Really, the only major deadline move of the past decade that can be considered a resounding success was the trade that sent Nomar Garciaparra to the Chicago Cubs in 2004, while the Red Sox landed Orlando Cabrera, the shortstop who went on to hit .294 with six homers and 31 RBI over the season’s final 58 games (along with a .379 average in that year’s ALCS), and Doug Mientkiewicz, an important role player who provided spectacular defense at first base and went on to record the final out that ended the Sox’s 86-year World Series drought.

On the other side, though, you have plenty of deals which turned out badly. Probably the worst of the recent past was the Texas Rangers’ decision to trade first baseman Chris Davis and pitcher Tommy Hunter to the Baltimore Orioles for reliever Koji Uehara in 2011. While Hunter has gone on to become a valuable bullpen piece and Davis has been very good for Baltimore, especially when he had a league-leading 53 homers and 138 RBI in 2013, Uehara went on to have an ERA of 4.00 over the remainder of the season and didn’t even make the Rangers’ postseason roster.

The 2011 Giants traded top starting pitching prospect Zack Wheeler for Carlos Beltran, who ended up struggling with injuries as the Giants’ playoff chances slipped away, then left the team after the year, not even netting them a compensatory pick in return due to a contract clause that prevented them from tendering him. While Wheeler hasn’t exactly been dominant thus far, he’d be a nice asset for a team that was forced to spend a lot of free agent money on Tim Lincecum and Tim Hudson and doesn’t have a whole lot of young depth beyond their current rotation.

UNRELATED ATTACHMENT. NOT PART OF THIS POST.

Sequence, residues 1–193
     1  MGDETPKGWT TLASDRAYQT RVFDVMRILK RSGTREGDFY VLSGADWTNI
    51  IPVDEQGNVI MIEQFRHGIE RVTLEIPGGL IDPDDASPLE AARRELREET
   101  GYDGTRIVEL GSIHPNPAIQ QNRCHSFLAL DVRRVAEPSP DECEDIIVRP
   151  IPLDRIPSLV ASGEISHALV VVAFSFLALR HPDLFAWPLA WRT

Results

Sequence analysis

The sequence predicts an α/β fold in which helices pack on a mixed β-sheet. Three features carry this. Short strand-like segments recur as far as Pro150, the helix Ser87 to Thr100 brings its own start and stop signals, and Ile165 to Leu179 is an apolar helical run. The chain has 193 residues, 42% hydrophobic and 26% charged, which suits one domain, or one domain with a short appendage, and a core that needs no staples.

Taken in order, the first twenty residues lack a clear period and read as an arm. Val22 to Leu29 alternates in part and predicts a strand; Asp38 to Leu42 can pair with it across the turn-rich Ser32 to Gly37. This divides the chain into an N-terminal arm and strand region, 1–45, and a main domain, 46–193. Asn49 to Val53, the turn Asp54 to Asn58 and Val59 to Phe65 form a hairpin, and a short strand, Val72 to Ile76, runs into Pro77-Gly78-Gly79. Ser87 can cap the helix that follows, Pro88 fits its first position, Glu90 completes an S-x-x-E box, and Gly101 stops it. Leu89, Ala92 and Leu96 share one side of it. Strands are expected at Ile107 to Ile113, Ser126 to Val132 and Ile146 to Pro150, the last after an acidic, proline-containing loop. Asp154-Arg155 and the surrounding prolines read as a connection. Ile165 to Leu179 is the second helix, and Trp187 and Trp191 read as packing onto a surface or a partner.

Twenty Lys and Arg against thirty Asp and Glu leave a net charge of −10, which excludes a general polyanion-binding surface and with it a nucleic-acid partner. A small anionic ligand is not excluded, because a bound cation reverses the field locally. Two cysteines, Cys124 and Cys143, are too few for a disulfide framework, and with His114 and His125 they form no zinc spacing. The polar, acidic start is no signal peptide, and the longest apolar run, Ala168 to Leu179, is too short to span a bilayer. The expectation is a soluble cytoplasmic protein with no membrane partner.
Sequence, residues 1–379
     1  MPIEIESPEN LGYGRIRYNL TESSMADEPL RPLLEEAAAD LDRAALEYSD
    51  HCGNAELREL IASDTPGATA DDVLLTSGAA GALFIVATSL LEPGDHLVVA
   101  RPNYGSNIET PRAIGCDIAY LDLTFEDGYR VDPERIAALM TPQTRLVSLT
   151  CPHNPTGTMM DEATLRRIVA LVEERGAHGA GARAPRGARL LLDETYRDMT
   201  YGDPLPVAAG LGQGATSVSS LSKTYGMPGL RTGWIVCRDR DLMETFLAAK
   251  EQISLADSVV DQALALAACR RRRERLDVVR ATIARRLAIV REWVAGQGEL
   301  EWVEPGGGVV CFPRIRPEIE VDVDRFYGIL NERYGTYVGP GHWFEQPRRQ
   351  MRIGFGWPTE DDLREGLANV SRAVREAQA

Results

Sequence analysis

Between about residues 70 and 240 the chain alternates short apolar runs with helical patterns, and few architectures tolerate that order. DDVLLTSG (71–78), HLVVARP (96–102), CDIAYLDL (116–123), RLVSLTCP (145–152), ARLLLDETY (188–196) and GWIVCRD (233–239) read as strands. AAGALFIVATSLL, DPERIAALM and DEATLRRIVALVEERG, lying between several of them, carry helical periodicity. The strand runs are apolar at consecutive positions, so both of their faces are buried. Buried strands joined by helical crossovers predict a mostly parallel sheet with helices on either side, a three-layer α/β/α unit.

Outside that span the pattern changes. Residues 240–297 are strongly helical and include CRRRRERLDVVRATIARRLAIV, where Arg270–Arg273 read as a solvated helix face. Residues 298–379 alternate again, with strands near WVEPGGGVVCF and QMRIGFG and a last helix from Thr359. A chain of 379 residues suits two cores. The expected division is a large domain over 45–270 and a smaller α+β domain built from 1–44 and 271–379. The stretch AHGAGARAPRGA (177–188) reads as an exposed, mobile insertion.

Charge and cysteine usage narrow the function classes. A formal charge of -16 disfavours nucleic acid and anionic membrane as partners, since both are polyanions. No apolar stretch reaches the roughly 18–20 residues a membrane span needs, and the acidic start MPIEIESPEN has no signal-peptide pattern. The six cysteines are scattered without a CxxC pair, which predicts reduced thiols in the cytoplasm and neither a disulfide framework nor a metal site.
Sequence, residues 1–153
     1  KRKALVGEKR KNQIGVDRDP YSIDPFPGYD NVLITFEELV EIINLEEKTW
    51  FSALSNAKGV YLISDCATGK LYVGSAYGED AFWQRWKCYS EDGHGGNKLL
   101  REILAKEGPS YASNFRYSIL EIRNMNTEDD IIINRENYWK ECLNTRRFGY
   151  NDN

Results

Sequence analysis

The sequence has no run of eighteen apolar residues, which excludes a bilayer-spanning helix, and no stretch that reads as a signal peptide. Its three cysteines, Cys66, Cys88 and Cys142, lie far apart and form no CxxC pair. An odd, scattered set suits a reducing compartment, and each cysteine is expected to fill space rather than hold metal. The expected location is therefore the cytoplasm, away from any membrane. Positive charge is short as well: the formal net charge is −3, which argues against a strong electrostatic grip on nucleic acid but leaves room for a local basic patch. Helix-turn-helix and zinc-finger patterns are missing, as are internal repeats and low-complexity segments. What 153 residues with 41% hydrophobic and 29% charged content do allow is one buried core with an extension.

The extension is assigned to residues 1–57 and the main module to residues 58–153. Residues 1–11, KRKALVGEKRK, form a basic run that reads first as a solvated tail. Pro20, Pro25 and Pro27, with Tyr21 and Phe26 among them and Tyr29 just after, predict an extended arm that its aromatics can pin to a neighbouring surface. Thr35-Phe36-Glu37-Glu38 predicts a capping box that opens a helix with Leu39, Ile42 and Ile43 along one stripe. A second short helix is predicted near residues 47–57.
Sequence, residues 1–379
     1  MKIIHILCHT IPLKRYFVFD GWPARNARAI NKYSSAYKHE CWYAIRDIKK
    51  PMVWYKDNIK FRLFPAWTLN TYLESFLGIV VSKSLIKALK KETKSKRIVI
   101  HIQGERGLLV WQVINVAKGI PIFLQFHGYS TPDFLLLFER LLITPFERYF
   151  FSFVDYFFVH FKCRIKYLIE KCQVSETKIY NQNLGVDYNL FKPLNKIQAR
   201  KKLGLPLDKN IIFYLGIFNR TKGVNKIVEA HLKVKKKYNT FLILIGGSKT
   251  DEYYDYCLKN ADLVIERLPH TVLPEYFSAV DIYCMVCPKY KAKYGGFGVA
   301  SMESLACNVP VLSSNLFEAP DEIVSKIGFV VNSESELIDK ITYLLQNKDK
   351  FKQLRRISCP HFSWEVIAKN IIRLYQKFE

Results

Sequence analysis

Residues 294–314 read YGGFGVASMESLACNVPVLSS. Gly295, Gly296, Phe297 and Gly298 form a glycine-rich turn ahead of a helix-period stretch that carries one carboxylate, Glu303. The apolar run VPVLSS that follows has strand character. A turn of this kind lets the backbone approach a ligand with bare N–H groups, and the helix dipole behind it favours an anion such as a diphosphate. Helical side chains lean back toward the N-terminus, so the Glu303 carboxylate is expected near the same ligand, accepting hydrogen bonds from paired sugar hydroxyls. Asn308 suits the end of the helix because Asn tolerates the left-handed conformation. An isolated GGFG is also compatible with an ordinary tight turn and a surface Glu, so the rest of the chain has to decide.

Another bad deadline deal involved the 2007 Red Sox trading for reliever Eric Gagne, who went on to record a 6.75 ERA and 1.875 WHIP down the stretch and only pitched late in blowouts during their World Series run. Though this is another situation where the World Series victory was a nice tradeoff, the Sox gave up outfielder David Murphy, who went on to be a .300 hitter and a significant contributor on several Texas Rangers teams that advanced to the Fall Classic.

All this evidence provides support to the old adage that Rome was not built in a day—especially deadline day. A World Series-quality team generally is going to ride it out with the major contributors that they’ve been using for the entire season, and a championship group is much more likely to be assembled over the offseason than at the end of July. So next time you’re fantasizing about a trade that will bring David Price or Giancarlo Stanton to St. Louis and cost the Cardinals players like Oscar Taveras and Carlos Martinez, make sure to consider history and think about how much impact that kind of move could really have.

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Tags: 2014 MLB Trade Deadline St. Louis Cardinals